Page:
guarantee that all deliveries would arrive at their designated time.

It was determined that the project module phase corresponded to the phase of developing

a specific plan for achieving the various types of objectives identified in the project research.

This is frequently referred to as the first phase of a proposal since it specifies a course of action

that has been identified to assist in providing a solution to the problem and helps to ensure that

appropriate research has been conducted before making a choice (Chen et al., 2019). During the

presentation, the approach that was taken was highlighted, and the development of a goal-

oriented approach was discussed. This included putting together some sort of project summary

consisting of a few phrases that demonstrated the broad type of project design strategy used in

the project. This contains details on how the identified team will be successfully formed, the

types of tools that will be used, and how the adjustments will be taken into account during the

performance evaluation process (Ruppelt et al., 2020). This demonstrates how the entire process

will be carried out as well as the seriousness of the research proposal, since it frequently

describes the technique to be employed to ensure the effective implementation of project

outcomes and delivery schedules.

Delivery Description and Success Conditions section assisted with the presentation of a

picture of the numerous types of activities and Attributes linked to delivery, as well as the main

approaches to comprehend how a project works and functions well (Bonnel et al., 2014). Using

a functioning delivery date, as well as a description of what the target project will produce and

12

what customers may expect from it as cloud computing systems that will perform best without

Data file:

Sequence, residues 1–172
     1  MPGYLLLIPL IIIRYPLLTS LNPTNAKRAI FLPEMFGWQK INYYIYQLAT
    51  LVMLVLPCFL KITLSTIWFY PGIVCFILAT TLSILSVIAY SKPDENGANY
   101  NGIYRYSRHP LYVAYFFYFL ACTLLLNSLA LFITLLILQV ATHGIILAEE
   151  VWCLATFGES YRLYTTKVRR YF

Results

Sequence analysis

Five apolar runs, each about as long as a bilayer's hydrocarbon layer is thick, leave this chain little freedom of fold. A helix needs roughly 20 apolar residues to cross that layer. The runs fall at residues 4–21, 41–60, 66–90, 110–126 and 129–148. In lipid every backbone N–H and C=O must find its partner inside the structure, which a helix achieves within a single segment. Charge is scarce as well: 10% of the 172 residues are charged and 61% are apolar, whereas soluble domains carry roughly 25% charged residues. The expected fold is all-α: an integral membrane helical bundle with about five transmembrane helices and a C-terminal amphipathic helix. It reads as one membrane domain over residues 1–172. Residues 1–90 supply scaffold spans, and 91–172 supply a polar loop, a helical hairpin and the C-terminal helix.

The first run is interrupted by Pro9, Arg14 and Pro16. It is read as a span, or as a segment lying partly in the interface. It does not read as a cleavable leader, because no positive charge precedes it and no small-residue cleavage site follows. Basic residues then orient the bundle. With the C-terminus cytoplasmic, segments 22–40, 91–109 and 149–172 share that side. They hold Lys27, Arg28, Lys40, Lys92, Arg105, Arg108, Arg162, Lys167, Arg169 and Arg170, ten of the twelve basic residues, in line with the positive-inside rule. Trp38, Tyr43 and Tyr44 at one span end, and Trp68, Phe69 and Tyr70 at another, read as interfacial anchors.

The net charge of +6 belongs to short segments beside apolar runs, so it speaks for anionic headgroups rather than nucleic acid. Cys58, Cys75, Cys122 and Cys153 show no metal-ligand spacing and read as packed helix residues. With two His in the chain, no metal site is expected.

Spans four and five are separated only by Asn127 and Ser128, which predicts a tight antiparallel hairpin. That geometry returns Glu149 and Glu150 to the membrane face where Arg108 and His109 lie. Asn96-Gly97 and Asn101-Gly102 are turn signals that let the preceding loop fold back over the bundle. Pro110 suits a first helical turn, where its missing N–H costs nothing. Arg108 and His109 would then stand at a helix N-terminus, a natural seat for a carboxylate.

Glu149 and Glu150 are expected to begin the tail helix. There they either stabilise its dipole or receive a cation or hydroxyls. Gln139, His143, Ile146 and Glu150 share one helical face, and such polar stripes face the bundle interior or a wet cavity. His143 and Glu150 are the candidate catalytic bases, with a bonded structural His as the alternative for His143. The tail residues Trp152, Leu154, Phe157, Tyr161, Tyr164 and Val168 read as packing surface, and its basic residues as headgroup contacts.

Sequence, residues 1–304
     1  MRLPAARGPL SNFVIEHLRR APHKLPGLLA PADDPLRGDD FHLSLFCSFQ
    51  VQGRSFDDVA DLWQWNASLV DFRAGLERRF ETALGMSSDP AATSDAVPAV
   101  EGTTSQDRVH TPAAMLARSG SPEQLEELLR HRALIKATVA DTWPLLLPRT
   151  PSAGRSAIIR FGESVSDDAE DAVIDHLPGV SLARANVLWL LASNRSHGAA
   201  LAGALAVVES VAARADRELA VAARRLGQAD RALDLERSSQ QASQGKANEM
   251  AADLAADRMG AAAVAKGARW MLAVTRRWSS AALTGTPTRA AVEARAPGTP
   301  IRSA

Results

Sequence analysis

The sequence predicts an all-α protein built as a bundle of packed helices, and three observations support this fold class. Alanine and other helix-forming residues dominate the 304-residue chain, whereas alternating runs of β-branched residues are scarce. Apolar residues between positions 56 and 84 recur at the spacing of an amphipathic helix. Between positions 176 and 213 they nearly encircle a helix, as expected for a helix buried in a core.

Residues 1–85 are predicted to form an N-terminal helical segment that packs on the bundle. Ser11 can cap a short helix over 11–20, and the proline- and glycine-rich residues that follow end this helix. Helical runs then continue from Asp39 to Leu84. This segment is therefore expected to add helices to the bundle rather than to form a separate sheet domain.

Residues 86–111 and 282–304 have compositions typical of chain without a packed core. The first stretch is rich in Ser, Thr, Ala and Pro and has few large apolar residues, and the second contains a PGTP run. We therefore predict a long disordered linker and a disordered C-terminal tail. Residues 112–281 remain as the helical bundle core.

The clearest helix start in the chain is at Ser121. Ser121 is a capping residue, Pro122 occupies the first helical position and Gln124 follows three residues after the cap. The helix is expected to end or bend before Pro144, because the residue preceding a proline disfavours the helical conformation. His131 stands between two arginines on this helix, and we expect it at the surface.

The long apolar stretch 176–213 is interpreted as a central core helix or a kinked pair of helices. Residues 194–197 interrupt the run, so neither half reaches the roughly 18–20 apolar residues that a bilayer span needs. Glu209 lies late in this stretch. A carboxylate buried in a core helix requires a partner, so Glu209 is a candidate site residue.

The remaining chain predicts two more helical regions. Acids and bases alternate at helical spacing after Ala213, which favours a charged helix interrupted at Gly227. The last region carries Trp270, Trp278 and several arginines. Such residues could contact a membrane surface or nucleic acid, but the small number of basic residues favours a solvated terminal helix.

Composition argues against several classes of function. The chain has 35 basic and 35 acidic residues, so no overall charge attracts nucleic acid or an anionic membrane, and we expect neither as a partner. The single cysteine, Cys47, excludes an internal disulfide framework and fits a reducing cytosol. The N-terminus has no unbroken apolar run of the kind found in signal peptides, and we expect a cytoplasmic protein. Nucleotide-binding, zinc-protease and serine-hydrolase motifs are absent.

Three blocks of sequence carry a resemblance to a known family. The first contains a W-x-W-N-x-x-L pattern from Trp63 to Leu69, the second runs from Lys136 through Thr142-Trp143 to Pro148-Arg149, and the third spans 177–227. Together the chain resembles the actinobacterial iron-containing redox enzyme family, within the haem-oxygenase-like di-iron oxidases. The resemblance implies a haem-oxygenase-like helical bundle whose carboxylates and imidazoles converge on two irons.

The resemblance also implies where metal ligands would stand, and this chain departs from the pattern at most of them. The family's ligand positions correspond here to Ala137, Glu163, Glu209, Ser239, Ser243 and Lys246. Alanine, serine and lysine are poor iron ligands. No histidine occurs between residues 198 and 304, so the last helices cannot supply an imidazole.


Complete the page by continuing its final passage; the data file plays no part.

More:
generating inefficient general cloud computing systems, this has been accomplished successfully.

A risk register, which includes a list of risk factors and potential mitigation efforts, is

included in Step 7, Risk Analysis and Management. This section includes an analysis of the

various types of risks and risks that may affect research, as well as a risk register, which includes

a list of risk factors as well as potential mitigation efforts, which must be used to combat the

various types of risks and risks that may affect research. Part of Step 8, which specifies the

Schedules, was devoted to the division of labor and the estimation of time frames, in addition to

the identification of all project deliverables. There was also a presentation of the Project Plan,

which included the division of labor and time projections. A list of all of the actions required for

this project is created, as well as an estimate of the number of hours required to complete each of

them is provided. One of the primary goals linked with this section was to provide information

on how to construct a timeline for attaining the solution as well as information on the resources

available in other areas.

Finally, the installation section was the final stage of the project’s completion. It takes

place after ensuring that all of the steps have been implemented and completed completely.

There was some reworking involved to make the Combined Sewer Overflow Power Generation

projectmore interesting, thorough, and appealing. The project also included soliciting any

relevant comments that may be available and ensuring that the proposed concept is well-planned

and visually appealing. This is vital because it allows you to put the finishing touches on the

entire research proposal and ensure that everything is in place, in the proper order, and with a

thorough knowledge.

The goal for Combined Sewer Overflow Power Generation project was to Review

methods of electrical power generation at a CSO location: light, kinetic movement of sewerage,

and the project was to conduct research and develop extra materials to supplement the already-

developed training program. Several diagrams were utilized in this part, including Generation of

sewage power diagram and Hydro power and storage diagram (Springer, 2012).

13

Future Focus